CreativityMedia ProductionChristian Media

Church Online: What Have We Learned Over the Past Year?

Pastors, Communication and Media Directors: After a year of church lockdowns and live-streaming worship services, I’d be curious to know the most important thing you’ve learned. Please share your comments below, so our community would benefit from your experience:


Photo by Carlynn Alarid on Unsplash

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  1. You absolutely have to be in the moment.Long gone are days of scheduling a week in advance. You need to be ready to pivot in a moment. What are your listeners feeling today? What are they doing today?

  2. We have learned there needs to be a resurgence of equipping churches (in many case smaller to medium sized churches) in the art of producing and directing a live television production. For the past decades we have relied on post production to fix mixes and bad camera shows. The post-pandemic audience wants relationship and real-time. , I know of many churches that are still focused on pre-taping for Sundays, or doing both a pre-taped service and live Sunday service. Those days are about to end. We need to be a one-take program and be prepared with a media team that can roll with the changes in a live production. This means, preparation to take control of what you can, so you can better ad-lib online with what is spontaneous. And realize most TV creative personnel have no experience in live to air production. Bring in experienced television producers and directors to train and help your team make live services work for your streaming, and let the editors and sound mixers go back to feature production and not post production.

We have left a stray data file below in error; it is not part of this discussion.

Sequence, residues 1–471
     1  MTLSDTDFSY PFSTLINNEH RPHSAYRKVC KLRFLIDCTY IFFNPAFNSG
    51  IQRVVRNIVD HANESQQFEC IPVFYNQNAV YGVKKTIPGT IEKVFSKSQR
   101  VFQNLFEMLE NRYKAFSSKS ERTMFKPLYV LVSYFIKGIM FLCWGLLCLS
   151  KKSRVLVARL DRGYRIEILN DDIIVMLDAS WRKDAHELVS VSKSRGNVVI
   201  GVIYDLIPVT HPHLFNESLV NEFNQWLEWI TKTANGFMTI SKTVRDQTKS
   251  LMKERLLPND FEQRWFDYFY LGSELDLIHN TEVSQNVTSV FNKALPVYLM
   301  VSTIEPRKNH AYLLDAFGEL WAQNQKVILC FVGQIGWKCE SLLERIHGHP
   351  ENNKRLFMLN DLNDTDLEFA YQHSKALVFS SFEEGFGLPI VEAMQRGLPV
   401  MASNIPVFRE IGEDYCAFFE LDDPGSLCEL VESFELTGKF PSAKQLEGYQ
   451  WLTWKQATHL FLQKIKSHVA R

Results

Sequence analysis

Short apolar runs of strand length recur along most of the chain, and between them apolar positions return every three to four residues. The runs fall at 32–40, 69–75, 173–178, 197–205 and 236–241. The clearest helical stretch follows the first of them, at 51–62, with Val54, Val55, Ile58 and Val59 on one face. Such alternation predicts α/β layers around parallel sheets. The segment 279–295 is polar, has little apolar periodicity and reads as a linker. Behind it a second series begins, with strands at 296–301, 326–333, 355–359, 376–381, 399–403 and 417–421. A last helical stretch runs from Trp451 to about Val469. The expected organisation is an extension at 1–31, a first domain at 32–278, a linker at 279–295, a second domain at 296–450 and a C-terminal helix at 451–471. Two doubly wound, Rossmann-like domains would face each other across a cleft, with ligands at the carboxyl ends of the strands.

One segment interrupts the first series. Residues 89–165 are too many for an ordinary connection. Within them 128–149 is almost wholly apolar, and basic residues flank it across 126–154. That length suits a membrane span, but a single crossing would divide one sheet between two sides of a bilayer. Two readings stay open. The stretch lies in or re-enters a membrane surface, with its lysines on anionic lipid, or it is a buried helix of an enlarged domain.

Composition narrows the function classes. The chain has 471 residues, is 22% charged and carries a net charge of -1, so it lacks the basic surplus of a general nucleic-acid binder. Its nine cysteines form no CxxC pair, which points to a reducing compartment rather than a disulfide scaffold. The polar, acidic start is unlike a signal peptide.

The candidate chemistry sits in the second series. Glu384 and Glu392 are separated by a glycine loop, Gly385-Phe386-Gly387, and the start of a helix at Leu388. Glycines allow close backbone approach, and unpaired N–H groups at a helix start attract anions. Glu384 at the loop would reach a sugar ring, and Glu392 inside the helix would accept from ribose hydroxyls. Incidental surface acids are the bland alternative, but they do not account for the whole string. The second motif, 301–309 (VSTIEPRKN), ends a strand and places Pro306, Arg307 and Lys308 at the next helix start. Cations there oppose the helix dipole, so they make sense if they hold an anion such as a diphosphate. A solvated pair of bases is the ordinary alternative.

3. We got caught “with our pants down” Phil. But it was heartening to see how the people who knew media responded in warp speed. It started with a recording on FB where it was like a bad Japanese movie, i.e. mouth moving then words catch up. Then someone donated money to purchase a camera and it jumped 100%. People noticed and commented. Then we bought a camera that mounted on the wall in order to make room in the aisle for the returning people. We now realize we were behind in media but have made a commitment to be better and to continue offering online streaming. For a small church in a small town, I’m proud of the way the people have responded.